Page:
• The gut microbiome is shaped by diet and influences host metabolism; however, these links are complex and can be unique to each individual. We performed deep metagenomic sequencing of 1,203 gut microbiomes from 1,098 individuals enrolled in the Personalised Responses to Dietary Composition Trial (PREDICT 1) study, whose detailed long-term diet information, as well as hundreds of fasting and same-meal postprandial cardiometabolic blood marker measurements were available. We found many significant associations between microbes and specific nutrients, foods, food groups and general dietary indices, which were driven especially by the presence and diversity of healthy and plant-based foods. Microbial biomarkers of obesity were reproducible across external publicly available cohorts and in agreement with circulating blood metabolites that are indicators of cardiovascular disease risk. While some microbes, such as Prevotella copri and Blastocystis spp., were indicators of favorable postprandial glucose metabolism, overall microbiome composition was predictive for a large panel of cardiometabolic blood markers including fasting and postprandial glycemic, lipemic and inflammatory indices. The panel of intestinal species associated with healthy dietary habits overlapped with those associated with favorable cardiometabolic and postprandial markers, indicating that our large-scale resource can potentially stratify the gut microbiome into generalizable health levels in individuals without clinically manifest disease.
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3.
  • Boonen, Annelies, et al. (författare)
  • EULAR Points to Consider (PtC) for designing, analysing and reporting of studies with work participation as an outcome domain in patients with inflammatory arthritis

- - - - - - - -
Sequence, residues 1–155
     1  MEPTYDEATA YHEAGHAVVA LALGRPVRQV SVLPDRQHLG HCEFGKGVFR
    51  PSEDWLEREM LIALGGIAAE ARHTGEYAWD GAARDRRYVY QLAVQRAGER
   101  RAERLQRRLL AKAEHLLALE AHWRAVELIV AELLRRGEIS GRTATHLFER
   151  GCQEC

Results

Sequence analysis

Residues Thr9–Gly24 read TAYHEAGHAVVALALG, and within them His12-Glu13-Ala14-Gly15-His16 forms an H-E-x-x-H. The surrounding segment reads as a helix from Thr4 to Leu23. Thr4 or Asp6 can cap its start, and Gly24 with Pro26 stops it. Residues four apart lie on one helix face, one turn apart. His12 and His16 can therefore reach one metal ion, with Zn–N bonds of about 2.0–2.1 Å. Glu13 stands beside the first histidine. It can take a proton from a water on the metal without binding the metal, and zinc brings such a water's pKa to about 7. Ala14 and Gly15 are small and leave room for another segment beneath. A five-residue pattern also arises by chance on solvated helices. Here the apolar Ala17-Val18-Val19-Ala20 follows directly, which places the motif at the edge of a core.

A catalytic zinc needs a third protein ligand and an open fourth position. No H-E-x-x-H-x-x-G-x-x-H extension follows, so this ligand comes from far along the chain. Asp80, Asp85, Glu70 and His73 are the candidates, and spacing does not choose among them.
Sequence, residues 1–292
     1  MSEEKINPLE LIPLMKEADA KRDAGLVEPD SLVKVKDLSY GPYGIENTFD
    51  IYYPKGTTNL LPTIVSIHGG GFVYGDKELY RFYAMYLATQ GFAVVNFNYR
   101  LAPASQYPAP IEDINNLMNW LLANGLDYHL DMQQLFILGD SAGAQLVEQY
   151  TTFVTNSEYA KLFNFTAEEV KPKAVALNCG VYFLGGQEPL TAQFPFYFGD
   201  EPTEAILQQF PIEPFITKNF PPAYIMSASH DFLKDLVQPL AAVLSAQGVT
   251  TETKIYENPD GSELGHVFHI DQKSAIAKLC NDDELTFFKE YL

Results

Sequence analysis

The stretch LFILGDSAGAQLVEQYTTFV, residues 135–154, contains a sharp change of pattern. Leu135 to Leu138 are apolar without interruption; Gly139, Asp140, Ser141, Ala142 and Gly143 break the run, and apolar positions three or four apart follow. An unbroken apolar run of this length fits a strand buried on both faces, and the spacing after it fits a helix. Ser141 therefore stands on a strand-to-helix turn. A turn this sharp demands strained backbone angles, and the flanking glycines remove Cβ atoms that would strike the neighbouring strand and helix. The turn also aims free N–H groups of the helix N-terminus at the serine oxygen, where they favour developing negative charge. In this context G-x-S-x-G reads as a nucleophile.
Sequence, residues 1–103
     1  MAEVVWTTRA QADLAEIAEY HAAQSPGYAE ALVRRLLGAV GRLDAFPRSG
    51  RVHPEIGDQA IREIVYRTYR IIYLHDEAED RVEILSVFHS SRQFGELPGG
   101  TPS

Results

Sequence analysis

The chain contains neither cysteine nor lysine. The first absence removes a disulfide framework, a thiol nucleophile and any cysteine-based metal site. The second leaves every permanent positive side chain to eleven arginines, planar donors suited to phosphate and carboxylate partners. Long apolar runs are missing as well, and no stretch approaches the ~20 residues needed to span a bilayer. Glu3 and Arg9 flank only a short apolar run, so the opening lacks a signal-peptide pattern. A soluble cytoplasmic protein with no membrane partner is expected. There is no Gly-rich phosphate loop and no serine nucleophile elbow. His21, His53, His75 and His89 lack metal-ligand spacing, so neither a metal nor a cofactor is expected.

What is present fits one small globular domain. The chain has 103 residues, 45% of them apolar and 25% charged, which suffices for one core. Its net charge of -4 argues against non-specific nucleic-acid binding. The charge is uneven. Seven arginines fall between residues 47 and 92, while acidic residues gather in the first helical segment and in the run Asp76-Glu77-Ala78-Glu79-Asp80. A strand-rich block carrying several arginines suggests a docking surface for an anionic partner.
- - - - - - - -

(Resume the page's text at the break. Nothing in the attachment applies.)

• 2021
  • Ingår i: Annals of the Rheumatic Diseases. - : BMJ Publishing Group. - 0003-4967 .- 1468-2060. ; 80:9, s. 1116-1123
  • Tidskriftsartikel (refereegranskat)abstract
    • Background: Clinical studies with work participation (WP) as an outcome domain pose particular methodological challenges that hamper interpretation, comparison between studies and meta-analyses. Objectives: To develop Points to Consider (PtC) for design, analysis and reporting of studies of patients with inflammatory arthritis that include WP as a primary or secondary outcome domain. Methods: The EULAR Standardised Operating Procedures were followed. A multidisciplinary taskforce with 22 experts including patients with rheumatic diseases, from 10 EULAR countries and Canada, identified methodologic areas of concern. Two systematic literature reviews (SLR) appraised the methodology across these areas. In parallel, two surveys among professional societies and experts outside the taskforce sought for additional methodological areas or existing conducting/reporting recommendations. The taskforce formulated the PtC after presentation of the SLRs and survey results, and discussion. Consensus was obtained through informal voting, with levels of agreement obtained anonymously. Results: Two overarching principles and nine PtC were formulated. The taskforce recommends to align the work-related study objective to the design, duration, and outcome domains/measurement instruments of the study (PtC: 1-3); to identify contextual factors upfront and account for them in analyses (PtC: 4); to account for interdependence of different work outcome domains and for changes in work status over time (PtC: 5-7); to present results as means as well as proportions of patients reaching predefined meaningful categories (PtC: 8) and to explicitly report volumes of productivity loss when costs are an outcome (PtC:9). Conclusion: Adherence to these EULAR PtC will improve the methodological quality of studies evaluating WP.